What is further common to these more-than-linguistic practices is the focus on the body and materialities and affectivities of praxis. Sensing and sensation are not kept separate but brought together. In this context, to colour-in is not just an activity of obediently applying chosen colour on a certain, pre-set design. Neither it is an exercise designed to improve the brain, coordination or concentration, and as such an exercise, which is sometimes thought to kill one’s own creativity because of all the predetermination loaded into it. Instead, to colour-in is to move your hand, your body, your pencil in relation not only to the lines and borders of that what is coloured-in but also in relation to that what is attended, sensed through listening, hearing, seeing, smelling. In this way, by way of colouring-in, new feminist knowledge is co-created by making sense of genders, sexualities and art through sensations. What we suggest is that this type of an embodied, affective more-than-linguistic practice not only produces knowledge but works as aesthetic activism (Kontturi & Tiainen forthcoming). In the following, we contextualise our activist practice further and introduce its different forms from booklets to collective colouring works and events.


Feminist Activisms from Major to Minor

Our colouring-in practice not only critically repurposes contemporary mindfulness techniques, and develops more-than linguistic knowledge practices, but it also, with appreciation borrows from different forms of feminist activist practices including the consciousness-raising of the late 1960s and 1970s. We suggest that similarly to consciousness-raising groups that empowered women and shared new knowledge through group discussions, colouring-in feminist designs can raise awareness of feminist topics and art. And, as we will explain later, colouring-in can also be used as part of collective discussions inspired by the very tradition of consciousness-raising groups. That is to say that whereas as a project and methodology the Feminist Colour-IN is a new practice and proposition, it has its precedents. These include Tee Corinne’s early Cunt Colouring Book (1989 [1975]) that spread cunt-positivity and raised knowledge of the varied vaginal looks and shapes through its real-life-like designs that thematically connected to the fleshy forms of feminist central core aesthetics of that time. Today, the number of colouring books with feminist imagery is growing, and books available include several timely issues for feminism such as body positivity and fat studies, embraced, for example, in Allison Tunis’s Body Love: A Fat Activism Colouring Book (2016). Our colouring booklets, for their part, aim to embrace generational, and also ethnic and cultural varieties of local feminist art.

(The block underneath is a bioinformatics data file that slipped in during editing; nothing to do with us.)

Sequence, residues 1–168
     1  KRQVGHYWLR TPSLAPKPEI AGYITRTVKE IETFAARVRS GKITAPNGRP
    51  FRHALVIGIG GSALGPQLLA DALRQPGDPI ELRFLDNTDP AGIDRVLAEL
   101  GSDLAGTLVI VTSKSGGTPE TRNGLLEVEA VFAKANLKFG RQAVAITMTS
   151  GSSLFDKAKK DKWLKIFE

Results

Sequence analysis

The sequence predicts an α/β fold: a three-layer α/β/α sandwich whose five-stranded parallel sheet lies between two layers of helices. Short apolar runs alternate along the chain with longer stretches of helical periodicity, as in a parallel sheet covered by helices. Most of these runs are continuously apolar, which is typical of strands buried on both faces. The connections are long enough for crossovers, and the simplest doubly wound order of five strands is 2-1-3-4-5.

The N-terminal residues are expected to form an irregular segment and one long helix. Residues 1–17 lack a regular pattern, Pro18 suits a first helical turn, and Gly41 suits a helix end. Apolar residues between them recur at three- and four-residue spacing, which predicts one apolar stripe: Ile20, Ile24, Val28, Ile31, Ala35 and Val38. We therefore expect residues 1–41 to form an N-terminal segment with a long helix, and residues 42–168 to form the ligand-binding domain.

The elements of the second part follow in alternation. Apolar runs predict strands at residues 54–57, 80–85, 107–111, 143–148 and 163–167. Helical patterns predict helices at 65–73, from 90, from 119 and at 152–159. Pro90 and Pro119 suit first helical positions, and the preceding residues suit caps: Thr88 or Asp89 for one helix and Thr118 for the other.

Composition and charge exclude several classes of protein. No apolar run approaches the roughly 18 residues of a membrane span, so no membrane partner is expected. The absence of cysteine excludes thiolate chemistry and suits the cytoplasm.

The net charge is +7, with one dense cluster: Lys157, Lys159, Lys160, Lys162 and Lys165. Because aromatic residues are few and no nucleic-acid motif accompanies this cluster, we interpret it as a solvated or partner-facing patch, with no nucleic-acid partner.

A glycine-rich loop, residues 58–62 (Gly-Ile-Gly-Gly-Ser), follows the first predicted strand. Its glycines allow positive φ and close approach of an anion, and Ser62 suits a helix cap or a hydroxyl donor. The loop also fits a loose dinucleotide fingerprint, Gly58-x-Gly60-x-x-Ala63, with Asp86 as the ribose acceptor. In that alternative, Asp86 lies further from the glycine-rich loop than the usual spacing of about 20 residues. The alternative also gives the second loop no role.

Another form of feminist activism that we acknowledge, and that is also embedded in the title of our practice, is sit-in, where a public place is occupied by the bodily presence of demonstrators who want to raise attention to their cause quietly, ‘just’ sitting there and not moving until their opinion is heard and they reach their aim (Cullins 2018). What our practice picks up from the feminist tradition of sit-ins, is the quietness of the practice, the quiet bodily doing, and also the fact that Feminist Colour-IN is executed, mostly, ‘just’ by sitting and colouring-in.